News & analysis

The Turkish lira has been depreciating on a trend basis ever since the onset of the pandemic, driven domestically by a combination of political interference, elevated inflation, and economic unorthodoxy at a time when external market conditions turned less supportive for EM assets.

While the return of more orthodox economic policy since President Erdogan won re-election in May 2023 supported a slower pace of depreciation, this has only just begun to materialise as previous rate hikes were merely catching up with inflation, while current account pressures remained and confidence in the CBRT was hampered by another scandal. This saw the Turkish lira continue to underperform its forward implied rate.

However, with inflation pressures now set to moderate on a sequential basis, the CBRT confirming its commitment to combat high inflation through orthodox measures with a shock rate hike in March, and the lapse of election uncertainty following the completion of local elections in early April, the Turkish lira is now starting to stabilise.

In fact, TRY was the best performing EM currency over the past month, trading flat against the dollar amidst a broader backdrop of EM FX weakness and higher US rates. We think the past month marks something of an inflection point for the lira, with the currency likely to transition from underperforming its forward implied rate to outperforming it, conditional on inflation pressures continuing to moderate, supported by unimpaired orthodox fiscal and monetary policy.

Having underperformed its 1-year forward rate in recent years, medium-term forwards now exhibit a risk-premium, which we think is overly bearish on the lira’s prospects 

Over the medium-term, the combination of lower headline inflation, the CBRT’s likely preference to keep rates higher for longer, and improved current account balances should support a slower pace of TRY depreciation.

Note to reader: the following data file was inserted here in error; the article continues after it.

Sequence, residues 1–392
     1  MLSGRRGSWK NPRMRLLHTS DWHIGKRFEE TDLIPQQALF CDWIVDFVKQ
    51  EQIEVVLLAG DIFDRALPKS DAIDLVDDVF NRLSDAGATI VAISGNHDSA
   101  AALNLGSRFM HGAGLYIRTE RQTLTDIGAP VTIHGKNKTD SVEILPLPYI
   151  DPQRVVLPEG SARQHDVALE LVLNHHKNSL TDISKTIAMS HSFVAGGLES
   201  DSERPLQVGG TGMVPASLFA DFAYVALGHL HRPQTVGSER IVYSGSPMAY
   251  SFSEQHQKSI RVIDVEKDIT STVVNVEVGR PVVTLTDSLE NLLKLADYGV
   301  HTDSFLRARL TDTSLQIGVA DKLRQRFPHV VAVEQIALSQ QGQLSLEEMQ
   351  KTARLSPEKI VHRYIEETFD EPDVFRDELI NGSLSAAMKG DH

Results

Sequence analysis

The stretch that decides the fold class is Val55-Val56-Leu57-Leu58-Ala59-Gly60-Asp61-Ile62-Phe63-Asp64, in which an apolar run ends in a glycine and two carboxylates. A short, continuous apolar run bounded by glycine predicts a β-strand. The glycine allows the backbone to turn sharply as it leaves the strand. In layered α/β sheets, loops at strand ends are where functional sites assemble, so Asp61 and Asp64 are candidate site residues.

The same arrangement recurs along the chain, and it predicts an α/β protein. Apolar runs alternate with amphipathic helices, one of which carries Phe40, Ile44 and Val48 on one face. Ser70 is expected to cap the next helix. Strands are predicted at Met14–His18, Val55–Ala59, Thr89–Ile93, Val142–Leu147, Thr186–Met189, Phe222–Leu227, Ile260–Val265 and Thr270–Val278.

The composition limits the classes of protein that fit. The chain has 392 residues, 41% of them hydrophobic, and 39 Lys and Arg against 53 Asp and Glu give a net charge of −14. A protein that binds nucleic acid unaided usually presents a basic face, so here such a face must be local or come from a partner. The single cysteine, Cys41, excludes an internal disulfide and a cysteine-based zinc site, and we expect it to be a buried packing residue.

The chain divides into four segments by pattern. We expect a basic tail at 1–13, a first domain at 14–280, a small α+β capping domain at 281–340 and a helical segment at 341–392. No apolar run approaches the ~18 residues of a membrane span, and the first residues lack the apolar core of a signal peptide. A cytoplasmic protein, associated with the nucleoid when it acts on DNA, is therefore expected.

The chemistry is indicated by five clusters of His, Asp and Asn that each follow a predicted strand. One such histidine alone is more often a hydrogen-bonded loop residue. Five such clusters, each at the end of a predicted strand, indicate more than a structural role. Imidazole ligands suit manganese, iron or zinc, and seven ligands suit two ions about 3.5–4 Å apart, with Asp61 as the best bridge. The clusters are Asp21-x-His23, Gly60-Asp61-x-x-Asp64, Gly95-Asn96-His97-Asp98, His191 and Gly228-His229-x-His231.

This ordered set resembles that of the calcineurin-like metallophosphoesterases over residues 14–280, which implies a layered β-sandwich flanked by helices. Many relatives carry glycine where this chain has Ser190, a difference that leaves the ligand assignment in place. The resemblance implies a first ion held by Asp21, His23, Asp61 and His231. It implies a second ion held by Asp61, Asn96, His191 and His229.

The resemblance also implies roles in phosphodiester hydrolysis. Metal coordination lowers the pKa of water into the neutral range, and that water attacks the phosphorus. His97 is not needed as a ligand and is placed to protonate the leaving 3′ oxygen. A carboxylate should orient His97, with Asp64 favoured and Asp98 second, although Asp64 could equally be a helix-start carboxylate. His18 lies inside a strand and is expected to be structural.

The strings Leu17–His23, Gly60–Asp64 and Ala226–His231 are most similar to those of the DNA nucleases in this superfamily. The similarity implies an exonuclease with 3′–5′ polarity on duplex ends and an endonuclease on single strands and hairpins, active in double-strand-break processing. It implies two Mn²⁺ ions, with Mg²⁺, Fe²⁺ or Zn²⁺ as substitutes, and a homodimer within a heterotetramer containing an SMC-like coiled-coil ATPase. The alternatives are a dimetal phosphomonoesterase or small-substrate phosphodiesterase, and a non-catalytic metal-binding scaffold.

On inflation, while the headline rate is likely to spike in the coming months owing to the lagged passthrough of currency depreciation on goods inflation and positive base effects, the stabilisation in the lira and moderation in domestic driven inflation pressures support disinflation until year-end.

With the CBRT likely to maintain a higher for longer stance, the lira’s improving real rate profile should reduce local dollarisation pressures.

Coupled with continued improvement in Turkey’s current account, which should soon flip into surplus as the narrowing trade balance deficit is boosted further by seasonal tourism inflows, this should enable the CBRT to continue accumulating foreign exchange reserves without putting pressure on the lira.

While Turkey’s tighter macro policy stance likely means inflation has now peaked, the disinflation path is likely to remain slow until year-end

That said, we don’t expect the lira to rally outright, but instead to outperform its outright forward rate.

Ultimately, while inflation pressures are moderating in Turkey, they remain elevated and highly volatile, which should limit the extent to which residents de-dollarise. Moreover, despite the CBRT’s recent hawkish tilt, we suspect they will respond to any marginal inflation overshoot by relaying a higher for longer message to markets as opposed to hiking rates further. This should limit the extent to which investors turn bullish on Turkish assets, especially as the external environment has turned considerably less conducive for risk due to the continual flare-ups in geopolitical tensions and structurally higher US rates.

Monex’s May forecasts



Simon Harvey, Head of FX Analysis


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